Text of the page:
Twilio has executed the “land-and-expand” strategy masterfully. By offering a free trial period, Twilio encourages new users to try out their product capabilities. Once onboard Twilio’s platform, Twilio actively engages users and continuously expands their product offerings. This delivers immense value to users as they uncover new use cases all the time.
We can see from the chart below that customers who started using Twilio from the various time periods have increased their usage over the years.
Twilio has also demonstrated an ability to increase the amount of sales from existing customers as they deliver more solutions and benefit when their customers grow. The value they provide can be seen in their most recent DBNER of 139%, this means that they can grow revenue by 39% without even securing another customer.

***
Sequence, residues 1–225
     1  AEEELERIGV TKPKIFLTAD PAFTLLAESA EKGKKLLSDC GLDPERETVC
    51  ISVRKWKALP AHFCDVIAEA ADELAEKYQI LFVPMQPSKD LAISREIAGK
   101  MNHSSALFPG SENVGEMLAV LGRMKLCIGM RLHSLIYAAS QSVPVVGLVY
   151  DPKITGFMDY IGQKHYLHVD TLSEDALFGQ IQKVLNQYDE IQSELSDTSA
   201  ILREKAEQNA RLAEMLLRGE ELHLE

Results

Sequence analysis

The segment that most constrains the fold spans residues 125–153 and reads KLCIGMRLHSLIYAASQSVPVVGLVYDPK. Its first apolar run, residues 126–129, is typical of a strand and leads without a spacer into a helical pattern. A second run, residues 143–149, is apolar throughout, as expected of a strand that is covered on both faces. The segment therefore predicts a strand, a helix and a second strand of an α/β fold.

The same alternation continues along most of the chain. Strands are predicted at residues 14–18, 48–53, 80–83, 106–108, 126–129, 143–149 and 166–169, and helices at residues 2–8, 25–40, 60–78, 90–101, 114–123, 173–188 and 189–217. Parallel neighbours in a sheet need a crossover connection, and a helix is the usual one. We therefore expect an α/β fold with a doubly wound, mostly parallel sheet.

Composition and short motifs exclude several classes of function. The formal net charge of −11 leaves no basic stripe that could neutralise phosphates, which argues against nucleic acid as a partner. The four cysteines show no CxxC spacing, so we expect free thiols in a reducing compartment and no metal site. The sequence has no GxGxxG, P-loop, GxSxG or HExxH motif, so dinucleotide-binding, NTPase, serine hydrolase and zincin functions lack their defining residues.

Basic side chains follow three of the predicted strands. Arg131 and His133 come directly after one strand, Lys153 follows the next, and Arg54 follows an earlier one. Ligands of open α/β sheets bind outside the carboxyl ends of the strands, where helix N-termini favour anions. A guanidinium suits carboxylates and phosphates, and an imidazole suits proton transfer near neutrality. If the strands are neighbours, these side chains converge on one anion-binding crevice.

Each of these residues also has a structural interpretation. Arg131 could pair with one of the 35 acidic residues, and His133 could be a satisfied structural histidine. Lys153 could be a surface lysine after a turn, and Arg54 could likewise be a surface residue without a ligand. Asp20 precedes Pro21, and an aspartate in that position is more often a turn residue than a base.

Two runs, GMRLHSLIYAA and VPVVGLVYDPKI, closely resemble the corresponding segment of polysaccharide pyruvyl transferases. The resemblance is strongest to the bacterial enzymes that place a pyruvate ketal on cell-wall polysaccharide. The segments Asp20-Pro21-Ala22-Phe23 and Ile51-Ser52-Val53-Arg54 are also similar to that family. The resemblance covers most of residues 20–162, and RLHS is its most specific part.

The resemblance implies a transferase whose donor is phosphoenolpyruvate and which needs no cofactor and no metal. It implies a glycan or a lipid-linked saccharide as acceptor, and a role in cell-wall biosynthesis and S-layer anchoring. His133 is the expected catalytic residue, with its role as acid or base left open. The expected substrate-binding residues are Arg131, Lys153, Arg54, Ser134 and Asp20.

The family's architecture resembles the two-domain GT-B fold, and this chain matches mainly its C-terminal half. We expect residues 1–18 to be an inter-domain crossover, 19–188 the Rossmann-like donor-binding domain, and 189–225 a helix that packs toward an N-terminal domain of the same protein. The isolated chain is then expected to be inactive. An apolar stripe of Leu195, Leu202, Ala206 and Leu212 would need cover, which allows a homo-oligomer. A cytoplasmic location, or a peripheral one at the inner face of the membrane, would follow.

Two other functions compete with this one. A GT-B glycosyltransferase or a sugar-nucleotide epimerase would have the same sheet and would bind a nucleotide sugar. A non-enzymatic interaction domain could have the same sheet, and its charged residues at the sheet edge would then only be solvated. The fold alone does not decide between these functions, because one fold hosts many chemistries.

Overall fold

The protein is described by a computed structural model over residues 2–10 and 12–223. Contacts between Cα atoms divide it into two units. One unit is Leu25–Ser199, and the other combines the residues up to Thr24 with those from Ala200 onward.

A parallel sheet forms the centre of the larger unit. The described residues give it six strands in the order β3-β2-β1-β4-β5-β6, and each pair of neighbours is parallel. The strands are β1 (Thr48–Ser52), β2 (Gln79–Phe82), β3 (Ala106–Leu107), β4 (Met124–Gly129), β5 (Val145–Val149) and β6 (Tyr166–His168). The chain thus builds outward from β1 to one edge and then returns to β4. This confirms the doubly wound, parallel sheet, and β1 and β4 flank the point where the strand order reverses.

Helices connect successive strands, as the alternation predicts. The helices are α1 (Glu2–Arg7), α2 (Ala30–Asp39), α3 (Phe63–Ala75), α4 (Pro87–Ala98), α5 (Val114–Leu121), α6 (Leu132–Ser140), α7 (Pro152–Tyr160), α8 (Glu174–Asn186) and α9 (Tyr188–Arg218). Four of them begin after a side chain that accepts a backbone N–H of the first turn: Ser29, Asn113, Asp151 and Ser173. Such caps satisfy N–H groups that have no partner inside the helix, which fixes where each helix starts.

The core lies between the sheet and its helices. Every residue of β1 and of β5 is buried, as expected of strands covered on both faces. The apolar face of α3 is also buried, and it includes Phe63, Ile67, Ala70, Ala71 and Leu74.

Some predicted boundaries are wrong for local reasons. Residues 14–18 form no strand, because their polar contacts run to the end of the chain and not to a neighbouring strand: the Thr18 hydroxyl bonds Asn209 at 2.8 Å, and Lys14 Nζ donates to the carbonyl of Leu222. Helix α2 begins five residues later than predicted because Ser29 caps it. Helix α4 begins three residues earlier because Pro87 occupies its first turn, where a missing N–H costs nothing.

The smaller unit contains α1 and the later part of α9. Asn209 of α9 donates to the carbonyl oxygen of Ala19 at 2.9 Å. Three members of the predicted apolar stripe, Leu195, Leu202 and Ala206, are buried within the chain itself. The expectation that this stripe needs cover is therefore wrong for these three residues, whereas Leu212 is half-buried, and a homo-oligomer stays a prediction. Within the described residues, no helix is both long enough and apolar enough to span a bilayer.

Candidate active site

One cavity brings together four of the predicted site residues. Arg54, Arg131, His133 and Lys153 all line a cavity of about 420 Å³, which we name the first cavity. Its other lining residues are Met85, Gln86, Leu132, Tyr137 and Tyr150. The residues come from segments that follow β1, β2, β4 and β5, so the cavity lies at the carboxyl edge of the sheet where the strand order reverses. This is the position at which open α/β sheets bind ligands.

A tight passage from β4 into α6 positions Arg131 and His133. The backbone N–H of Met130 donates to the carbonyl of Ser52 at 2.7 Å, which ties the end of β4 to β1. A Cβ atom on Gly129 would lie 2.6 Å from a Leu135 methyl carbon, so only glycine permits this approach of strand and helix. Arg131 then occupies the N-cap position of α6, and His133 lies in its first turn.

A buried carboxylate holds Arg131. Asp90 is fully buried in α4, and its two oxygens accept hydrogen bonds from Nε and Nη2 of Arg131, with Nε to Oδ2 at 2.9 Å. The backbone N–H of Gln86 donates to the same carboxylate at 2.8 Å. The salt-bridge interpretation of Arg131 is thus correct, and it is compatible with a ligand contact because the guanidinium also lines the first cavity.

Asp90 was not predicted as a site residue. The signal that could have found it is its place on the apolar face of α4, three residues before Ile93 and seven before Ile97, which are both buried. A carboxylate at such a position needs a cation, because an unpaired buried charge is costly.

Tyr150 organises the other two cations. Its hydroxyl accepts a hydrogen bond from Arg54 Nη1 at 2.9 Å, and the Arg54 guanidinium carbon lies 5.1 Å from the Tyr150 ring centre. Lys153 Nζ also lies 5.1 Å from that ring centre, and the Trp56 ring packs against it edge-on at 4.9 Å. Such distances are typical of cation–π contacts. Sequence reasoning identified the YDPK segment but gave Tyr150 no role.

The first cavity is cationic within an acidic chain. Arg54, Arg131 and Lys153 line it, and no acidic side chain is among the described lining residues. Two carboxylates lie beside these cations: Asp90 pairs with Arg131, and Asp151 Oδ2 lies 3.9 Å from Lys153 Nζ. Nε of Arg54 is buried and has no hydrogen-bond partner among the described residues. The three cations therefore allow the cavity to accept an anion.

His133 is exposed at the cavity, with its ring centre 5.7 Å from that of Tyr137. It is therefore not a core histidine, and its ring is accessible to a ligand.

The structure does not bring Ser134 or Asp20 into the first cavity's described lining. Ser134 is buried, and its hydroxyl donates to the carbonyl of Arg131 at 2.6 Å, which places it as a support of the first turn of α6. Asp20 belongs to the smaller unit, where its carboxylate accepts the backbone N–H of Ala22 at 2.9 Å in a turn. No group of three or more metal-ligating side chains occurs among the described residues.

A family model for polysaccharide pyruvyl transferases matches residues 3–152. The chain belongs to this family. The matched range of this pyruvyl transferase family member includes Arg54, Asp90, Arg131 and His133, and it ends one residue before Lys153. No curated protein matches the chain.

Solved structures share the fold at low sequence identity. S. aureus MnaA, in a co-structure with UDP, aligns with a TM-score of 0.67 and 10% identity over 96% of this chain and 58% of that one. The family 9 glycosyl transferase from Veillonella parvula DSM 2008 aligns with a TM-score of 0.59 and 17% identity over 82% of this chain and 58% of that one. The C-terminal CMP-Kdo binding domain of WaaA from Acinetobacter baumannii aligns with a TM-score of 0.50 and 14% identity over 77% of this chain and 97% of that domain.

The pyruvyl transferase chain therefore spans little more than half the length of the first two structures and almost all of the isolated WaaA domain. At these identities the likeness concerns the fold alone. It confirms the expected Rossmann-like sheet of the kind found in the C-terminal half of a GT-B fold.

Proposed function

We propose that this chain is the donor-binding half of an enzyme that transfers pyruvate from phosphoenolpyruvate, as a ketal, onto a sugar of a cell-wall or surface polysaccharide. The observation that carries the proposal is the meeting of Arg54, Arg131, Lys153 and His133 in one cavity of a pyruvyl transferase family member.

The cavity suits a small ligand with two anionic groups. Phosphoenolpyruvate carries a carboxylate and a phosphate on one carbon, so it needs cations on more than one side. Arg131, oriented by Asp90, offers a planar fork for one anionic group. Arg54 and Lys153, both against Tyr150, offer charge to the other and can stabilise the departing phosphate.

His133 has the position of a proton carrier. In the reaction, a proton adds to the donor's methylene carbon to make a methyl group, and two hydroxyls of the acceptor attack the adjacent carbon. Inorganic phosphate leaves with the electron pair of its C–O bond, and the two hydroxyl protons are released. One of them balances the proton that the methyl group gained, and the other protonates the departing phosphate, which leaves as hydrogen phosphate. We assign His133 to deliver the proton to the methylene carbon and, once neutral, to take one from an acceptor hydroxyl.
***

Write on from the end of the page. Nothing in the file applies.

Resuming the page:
Twilio’s Total Addressable Market (TAM) is rapidly expanding as today’s economy becomes increasingly digitized and they venture into different verticals.
As a result of the secular tailwind of programmable communications and a well executed growth strategy, Twilio has consistently delivered strong revenue growth of 60% CAGR over the past 3 years
Move Into Customer Engagement
Twilio has spent over a decade building the leading cloud communication platform. However, the company’s vision is more than communication: it’s about end-to-end customer engagement, ultimately providing businesses with the holy grail—a single view of the customer journey.